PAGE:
On November 1, 2012, President Obama proclaimed November to be National Adoption Month. His hope is that many more families will be created and united, and has signed legislation to make adoptions smoother and faster, especially for children in foster care. The President’s efforts should be applauded. But for many of us, adding a human member to the family is not tenable, but perhaps adding a four-legged to the family is doable. National Adoption Month is a a great time to act.
I recently lost my precious ragdoll mix to cancer. After the hardest of my ongoing grieving period ended, I had been hoping to adopt a ragdoll cat, not to replace Chloe (because I realized that was impossible), but because the ragdoll breed is generally snuggly, and what I missed most about Chloe was her habit of sleeping on my head or curling up on my lap (even if a laptop was already there). Ragdolls are expensive cats (around $1,200 per kitten from Chicago area breeders). But with so many pets in shelters, even if one can afford to pay so much for a pet, it seems irresponsible to go that route without a very good reason.
I checked Petfinder frequently, hoping for a kitten (I was open to a non-ragdoll, of course). I didn’t find a kitten, but I did find a young adult ragdoll through a Chicago-area shelter that offers a one-week trial. (When the week is up, I was to either tell the shelter to go ahead and cash my check for the adoption fee or to ask them to pick the cat up and return the check to me). I was glad for the trial because I already had a cat and I wanted to make sure the two could work it out. I’d also not had much experience with boy cats, and for some reason, that was a concern for me.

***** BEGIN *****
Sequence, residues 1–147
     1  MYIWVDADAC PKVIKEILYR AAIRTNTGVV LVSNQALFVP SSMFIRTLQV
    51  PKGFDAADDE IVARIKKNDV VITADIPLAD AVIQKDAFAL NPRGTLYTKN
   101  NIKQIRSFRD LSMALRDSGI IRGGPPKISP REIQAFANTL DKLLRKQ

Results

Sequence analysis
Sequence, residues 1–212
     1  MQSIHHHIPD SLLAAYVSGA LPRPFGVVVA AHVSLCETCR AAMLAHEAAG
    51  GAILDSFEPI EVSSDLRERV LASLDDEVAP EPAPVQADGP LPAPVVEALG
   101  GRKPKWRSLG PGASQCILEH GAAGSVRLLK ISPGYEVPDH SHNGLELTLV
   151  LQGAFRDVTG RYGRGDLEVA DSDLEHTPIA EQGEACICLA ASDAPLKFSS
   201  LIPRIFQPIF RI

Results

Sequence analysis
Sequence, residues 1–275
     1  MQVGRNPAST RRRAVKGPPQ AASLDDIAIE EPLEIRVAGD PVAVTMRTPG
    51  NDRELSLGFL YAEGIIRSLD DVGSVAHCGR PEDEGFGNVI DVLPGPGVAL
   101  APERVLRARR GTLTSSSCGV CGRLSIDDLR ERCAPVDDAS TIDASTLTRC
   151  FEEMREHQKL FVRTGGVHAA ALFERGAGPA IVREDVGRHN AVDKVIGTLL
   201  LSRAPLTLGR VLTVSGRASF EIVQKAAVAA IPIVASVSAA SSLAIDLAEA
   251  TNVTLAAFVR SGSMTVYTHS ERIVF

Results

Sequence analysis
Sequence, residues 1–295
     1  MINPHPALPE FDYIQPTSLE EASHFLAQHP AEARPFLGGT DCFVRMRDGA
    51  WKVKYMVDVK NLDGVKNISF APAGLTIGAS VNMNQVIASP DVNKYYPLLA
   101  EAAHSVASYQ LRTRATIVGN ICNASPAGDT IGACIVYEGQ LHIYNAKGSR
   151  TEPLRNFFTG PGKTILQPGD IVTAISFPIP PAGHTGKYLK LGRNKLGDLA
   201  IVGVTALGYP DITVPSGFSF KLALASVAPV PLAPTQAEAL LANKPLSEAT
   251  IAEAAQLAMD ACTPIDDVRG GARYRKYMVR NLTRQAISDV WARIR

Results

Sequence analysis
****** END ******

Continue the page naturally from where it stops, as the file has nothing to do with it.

The check has been cashed, and my family has a new member. His name is William Jefferson Kitten, Willie for short. (He’s charming, handsome, and a gifted speaker, so naming him for Bill Clinton seemed apt). The vet estimated his age at about two years. He was left at a fire station in Chicago and came to the shelter already neutered and, unfortunately, front-paw declawed, which, I admit was a concern. (Chloe also was declawed before she came to live with me, and it was hard to see her suffer stiffness and pain. Declawed cats wind up in shelters more than non-mutilated cats, and [perhaps related] often have litter box issues, but so far Willie is doing fine.)
Shelter pets may have a reputation of being damaged goods, full of baggage. And it’s true that some shelter animals have been mistreated. But with kindness, a little education, and proper care, a shelter pet can become a fabulous new best friend. Willie is curious, playful, funny, and friendly. We are happy to have him, even my nine-year-old tabby Frida, and it seems he likes living here, too.
Won’t you consider giving a four-legged a loving forever home?